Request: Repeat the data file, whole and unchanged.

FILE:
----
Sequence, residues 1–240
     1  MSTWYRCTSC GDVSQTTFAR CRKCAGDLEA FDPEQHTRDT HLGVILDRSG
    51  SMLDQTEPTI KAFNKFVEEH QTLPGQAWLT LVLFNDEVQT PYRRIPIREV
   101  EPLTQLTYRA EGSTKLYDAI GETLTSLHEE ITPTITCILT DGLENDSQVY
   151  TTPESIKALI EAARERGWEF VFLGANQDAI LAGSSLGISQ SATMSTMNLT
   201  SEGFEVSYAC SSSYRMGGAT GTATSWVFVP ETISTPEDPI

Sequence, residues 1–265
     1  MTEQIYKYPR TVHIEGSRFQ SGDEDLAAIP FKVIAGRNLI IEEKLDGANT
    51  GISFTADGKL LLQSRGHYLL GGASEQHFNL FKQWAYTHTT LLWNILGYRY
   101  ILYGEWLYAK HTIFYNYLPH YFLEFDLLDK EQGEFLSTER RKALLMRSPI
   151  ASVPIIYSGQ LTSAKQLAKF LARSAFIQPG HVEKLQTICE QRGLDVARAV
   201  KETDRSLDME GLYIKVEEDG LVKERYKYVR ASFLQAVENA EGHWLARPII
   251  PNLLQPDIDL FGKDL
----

Sequence, residues 1–240
     1  MSTWYRCTSC GDVSQTTFAR CRKCAGDLEA FDPEQHTRDT HLGVILDRSG
    51  SMLDQTEPTI KAFNKFVEEH QTLPGQAWLT LVLFNDEVQT PYRRIPIREV
   101  EPLTQLTYRA EGSTKLYDAI GETLTSLHEE ITPTITCILT DGLENDSQVY
   151  TTPESIKALI EAARERGWEF VFLGANQDAI LAGSSLGISQ SATMSTMNLT
   201  SEGFEVSYAC SSSYRMGGAT GTATSWVFVP ETISTPEDPI

Sequence, residues 1–265
     1  MTEQIYKYPR TVHIEGSRFQ SGDEDLAAIP FKVIAGRNLI IEEKLDGANT
    51  GISFTADGKL LLQSRGHYLL GGASEQHFNL FKQWAYTHTT LLWNILGYRY
   101  ILYGEWLYAK HTIFYNYLPH YFLEFDLLDK EQGEFLSTER RKALLMRSPI
   151  ASVPIIYSGQ LTSAKQLAKF LARSAFIQPG HVEKLQTICE QRGLDVARAV
   201  KETDRSLDME GLYIKVEEDG LVKERYKYVR ASFLQAVENA EGHWLARPII
   251  PNLLQPDIDL FGKDL